Black Magic and Murder at Rancho Santa Elena

Adolfo de Jesus Constanzo led a cult of black magic that practiced human sacrifice. He and his followers had ritually killed at least twenty people and may have numbered up to 100. The cult faced little suspicion or repercussions as they almost only killed prostitutes, the homeless, and drug dealers. Their victims came from the parts of society that would be missed the least. On March 13, 1989, their abduction of American college student Mark Kilroy marked the beginning of the end of their cult.

Constanzo was a Cuban American, who was first introduced to the occult and drug trafficking by his stepfather. His mother believed Constanzo had psychic abilities and introduced him to Palo Mayombe (an Afro-Caribbean religion that involves animal sacrifice) and Santeria. In Palo Mayombe, Constanzo reached the status of high priest. In 1984, Constanzo moved to Mexico City to start his life as a tarot card reader and eventually developed a cult following. Charismatic and attractive, Constanzo mingled with the upper class in Mexico City and grew a reputation for predicting the future and offering ritual cleansing. The protection he offered also became popular with several drug dealers, musicians, and police officers.

The other cult leader of the Narcosatanists was Sara Aldrete, a cheerleader at Texas Southmost College. She was the girlfriend of a drug dealer with ties to Constanzo. In 1987 the two met and Aldrete became the cult’s main recruiter. Also attractive and charming, Aldrete lured men to join the cult or set them up to be killed as a sacrifice. She lived a double life for a while, attending classes at college while also smuggling drugs and recruiting for the cult.

American student Mark Kilroy and friends traveled to South Padre Island in Texas and also traveled to Mexico by foot for parties during spring break. After bar hopping, Kilroy and his friends decided to head back to their hotel. While a friend ducked into an alley to relieve himself, Kilroy was abducted from the front of the bar by Constanzo’s followers. Kilroy was grabbed by two men in a red truck but was able to break loose about two blocks down the road. However, he was intercepted by another vehicle and taken at gunpoint. He was handcuffed in the back of the second car.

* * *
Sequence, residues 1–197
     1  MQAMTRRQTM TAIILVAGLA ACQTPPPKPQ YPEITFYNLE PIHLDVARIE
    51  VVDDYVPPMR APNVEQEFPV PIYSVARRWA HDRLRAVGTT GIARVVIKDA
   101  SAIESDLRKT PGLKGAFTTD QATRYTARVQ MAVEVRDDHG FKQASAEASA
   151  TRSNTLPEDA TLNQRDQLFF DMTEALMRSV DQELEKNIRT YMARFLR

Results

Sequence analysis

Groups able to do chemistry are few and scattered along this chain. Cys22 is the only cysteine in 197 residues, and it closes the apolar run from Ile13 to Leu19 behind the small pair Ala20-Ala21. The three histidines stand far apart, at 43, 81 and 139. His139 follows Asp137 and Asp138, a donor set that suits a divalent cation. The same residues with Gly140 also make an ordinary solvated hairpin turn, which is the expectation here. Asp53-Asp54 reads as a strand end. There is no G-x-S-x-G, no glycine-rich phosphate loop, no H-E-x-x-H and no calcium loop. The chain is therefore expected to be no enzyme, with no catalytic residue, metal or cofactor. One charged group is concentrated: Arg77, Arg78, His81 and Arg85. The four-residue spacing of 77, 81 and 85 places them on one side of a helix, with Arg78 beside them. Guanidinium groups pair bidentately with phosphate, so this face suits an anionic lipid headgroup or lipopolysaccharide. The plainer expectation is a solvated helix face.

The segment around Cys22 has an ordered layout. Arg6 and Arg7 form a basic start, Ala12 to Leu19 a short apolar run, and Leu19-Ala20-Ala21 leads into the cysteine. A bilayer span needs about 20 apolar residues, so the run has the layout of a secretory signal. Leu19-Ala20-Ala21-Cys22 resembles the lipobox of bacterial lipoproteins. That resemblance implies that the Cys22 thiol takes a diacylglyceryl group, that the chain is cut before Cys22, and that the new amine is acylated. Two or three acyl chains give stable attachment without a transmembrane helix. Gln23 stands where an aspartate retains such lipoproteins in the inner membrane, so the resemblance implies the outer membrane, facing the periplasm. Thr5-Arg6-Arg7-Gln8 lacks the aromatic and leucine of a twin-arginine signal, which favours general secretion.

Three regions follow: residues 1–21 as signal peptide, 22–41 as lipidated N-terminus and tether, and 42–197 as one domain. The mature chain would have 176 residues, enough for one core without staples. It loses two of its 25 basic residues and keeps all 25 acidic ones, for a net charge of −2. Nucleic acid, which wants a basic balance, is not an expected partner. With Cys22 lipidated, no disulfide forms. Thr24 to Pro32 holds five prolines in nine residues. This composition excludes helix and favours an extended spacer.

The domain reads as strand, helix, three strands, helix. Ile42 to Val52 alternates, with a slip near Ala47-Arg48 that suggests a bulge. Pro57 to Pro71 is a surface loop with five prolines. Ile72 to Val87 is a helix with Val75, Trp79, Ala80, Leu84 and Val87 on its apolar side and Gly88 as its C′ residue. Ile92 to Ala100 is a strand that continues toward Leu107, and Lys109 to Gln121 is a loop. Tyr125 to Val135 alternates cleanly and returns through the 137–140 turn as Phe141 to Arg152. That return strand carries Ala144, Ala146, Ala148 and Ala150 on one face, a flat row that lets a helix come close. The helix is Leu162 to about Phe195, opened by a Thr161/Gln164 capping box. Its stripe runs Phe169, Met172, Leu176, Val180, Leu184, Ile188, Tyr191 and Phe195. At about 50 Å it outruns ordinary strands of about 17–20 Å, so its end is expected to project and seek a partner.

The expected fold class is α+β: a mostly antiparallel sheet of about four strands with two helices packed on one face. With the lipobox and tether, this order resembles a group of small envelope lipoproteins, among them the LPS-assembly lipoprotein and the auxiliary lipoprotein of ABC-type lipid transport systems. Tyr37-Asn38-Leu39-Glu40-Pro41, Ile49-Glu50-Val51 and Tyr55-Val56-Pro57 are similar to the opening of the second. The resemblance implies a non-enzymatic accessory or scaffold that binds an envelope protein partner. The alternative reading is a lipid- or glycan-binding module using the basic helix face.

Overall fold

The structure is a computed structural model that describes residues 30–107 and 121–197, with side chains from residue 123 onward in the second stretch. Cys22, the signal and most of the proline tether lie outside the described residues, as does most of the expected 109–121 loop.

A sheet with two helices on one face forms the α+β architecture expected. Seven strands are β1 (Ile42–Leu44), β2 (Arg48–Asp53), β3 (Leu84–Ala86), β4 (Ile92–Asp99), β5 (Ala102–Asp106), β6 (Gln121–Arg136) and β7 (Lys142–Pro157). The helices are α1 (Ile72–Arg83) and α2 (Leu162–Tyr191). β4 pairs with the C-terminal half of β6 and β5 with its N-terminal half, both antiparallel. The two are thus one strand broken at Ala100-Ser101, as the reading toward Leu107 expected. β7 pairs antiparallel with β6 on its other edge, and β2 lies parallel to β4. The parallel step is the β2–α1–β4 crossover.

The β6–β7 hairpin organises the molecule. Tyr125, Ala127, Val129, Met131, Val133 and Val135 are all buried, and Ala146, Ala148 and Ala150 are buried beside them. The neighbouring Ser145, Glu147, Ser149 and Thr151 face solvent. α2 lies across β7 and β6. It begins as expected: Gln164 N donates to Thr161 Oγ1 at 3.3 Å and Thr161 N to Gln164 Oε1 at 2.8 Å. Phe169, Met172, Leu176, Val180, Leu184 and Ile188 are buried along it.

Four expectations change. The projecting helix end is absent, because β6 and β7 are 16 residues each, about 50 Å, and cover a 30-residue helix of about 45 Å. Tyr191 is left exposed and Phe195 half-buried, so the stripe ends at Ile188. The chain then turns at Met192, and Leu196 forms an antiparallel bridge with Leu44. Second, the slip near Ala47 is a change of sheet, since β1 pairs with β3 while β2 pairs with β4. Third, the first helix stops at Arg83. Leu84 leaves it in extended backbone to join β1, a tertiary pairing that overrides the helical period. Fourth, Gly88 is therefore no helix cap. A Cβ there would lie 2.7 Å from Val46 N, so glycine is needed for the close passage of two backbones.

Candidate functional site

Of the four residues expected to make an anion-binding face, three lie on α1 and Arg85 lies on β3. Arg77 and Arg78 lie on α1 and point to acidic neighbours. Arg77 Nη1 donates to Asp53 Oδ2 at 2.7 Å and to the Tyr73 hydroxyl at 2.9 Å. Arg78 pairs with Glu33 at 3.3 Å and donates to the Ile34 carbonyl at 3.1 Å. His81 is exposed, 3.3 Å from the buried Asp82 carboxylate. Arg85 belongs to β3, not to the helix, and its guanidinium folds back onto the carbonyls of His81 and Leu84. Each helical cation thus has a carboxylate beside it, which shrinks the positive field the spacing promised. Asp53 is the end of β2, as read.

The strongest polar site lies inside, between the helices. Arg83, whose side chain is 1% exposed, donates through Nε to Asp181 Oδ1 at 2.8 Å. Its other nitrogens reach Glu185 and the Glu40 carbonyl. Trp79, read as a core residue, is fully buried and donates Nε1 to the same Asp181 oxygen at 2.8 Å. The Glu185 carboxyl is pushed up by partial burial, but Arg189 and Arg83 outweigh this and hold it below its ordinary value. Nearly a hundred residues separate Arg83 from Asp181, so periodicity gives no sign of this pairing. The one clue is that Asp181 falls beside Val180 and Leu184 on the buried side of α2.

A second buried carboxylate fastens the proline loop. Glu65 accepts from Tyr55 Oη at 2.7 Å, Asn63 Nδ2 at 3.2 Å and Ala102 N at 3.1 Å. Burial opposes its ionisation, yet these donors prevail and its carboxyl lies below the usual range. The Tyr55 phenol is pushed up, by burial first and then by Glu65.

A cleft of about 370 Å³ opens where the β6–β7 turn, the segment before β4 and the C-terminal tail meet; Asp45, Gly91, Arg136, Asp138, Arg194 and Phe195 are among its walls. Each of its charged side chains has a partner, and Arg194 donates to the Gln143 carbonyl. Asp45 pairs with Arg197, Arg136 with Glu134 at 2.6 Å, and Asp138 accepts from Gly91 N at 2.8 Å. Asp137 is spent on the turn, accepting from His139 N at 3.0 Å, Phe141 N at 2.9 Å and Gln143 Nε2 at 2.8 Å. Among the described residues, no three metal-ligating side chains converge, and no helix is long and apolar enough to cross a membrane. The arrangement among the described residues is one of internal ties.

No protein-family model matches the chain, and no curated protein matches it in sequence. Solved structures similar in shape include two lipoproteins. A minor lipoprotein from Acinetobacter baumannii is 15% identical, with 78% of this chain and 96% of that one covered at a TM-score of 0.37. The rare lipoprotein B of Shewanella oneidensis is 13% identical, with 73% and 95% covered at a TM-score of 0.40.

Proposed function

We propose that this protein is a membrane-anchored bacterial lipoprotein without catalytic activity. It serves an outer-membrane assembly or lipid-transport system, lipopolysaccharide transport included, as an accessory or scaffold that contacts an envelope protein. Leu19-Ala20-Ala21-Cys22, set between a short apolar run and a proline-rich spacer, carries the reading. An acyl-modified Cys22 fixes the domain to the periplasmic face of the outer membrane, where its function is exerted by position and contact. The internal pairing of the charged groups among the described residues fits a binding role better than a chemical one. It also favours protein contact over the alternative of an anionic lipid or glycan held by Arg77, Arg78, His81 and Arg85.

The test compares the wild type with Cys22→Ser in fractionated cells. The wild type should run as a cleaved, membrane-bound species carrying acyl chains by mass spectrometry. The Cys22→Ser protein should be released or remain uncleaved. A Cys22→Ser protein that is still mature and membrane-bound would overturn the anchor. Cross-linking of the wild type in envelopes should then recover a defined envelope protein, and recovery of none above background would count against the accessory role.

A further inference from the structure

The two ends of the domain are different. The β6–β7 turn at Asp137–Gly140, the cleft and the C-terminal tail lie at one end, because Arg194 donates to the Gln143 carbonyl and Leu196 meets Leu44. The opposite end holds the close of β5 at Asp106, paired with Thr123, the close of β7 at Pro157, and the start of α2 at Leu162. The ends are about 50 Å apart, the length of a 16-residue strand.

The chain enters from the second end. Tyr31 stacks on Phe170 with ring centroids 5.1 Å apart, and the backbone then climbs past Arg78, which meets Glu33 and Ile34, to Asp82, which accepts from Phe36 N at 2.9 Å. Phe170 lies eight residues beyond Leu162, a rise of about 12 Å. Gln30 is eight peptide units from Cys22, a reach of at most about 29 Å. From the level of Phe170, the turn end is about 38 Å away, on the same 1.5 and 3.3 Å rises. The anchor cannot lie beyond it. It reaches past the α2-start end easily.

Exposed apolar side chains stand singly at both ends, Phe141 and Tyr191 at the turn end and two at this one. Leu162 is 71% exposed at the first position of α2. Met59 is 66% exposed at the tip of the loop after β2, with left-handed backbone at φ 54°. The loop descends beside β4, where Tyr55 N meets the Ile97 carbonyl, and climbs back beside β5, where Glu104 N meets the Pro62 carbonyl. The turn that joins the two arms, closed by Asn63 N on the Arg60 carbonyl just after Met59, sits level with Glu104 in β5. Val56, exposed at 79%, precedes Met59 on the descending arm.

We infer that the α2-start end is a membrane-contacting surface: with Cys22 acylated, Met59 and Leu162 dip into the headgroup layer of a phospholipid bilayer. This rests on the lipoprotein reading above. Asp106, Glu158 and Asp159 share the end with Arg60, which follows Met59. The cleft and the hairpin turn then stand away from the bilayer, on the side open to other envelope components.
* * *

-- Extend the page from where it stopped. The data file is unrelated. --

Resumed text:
Cult members took Kilroy back to the ranch, leaving him in the car overnight. Twelve hours after he was kidnapped, Kilroy was tortured for hours before being murdered in a human sacrifice ritual. After killing him with a machete, cult members removed his brain and boiled it in a large pot. The murderers also inserted a wire through the backbone, legs were chopped off before they buried the body. Constanzo told his followers that human sacrifice granted them immunity from law enforcement during their drug smuggling operations.

Kilroy was one of sixty people who had disappeared in Matamoros in the first three months of 1989. With the threat of bad publicity threatening tourism to Matamoros, police began searching for the missing student. US investigators also worked on the case. Kilroy was featured on America’s Most Wanted and several officials questioned locals and tourists in the area. A overconfident belief in the power of human sacrifices would lead to his discovery.

On April 1, 1989, cult member Serafin Hernandez drove right through a police roadblock. Hernandez believed the magic potions purchased from Constanzo would bring them profit and protection. As a result, he believed he was invisible to the police when he drove through the roadblock. Hernandez led the police directly to Rancho Santa Elena where officers found a large amount of drugs and weapons.

Cult members were arrested and began telling police about human sacrifices that occurred at Rancho Santa Elena. Authorities searched the area and found twenty-seven mutilated bodies, including that of Mark Kilroy. Police then raided Constanzo’s home in Mexico City and found a hidden torture chamber and a massive stash of pornography. Constanzo was nowhere to be found.

On the run since the search of cult headquarters, Constanzo panicked and opened fired on police who were searching door-to-door for a missing child on May 6. A gun battle ensued and the police were closing in. Constanzo ordered his assistant to shoot him and was dead before officials reached him.

Surviving cult members were tried and convicted for the murders at Rancho Santa Elena. In 1993, the cult members were convicted for capital murder and drug trafficking. Several members claimed they were not guilty of Kilroy’s murder and told the press they were tortured to confess. Two suspects in the murders are still at large.

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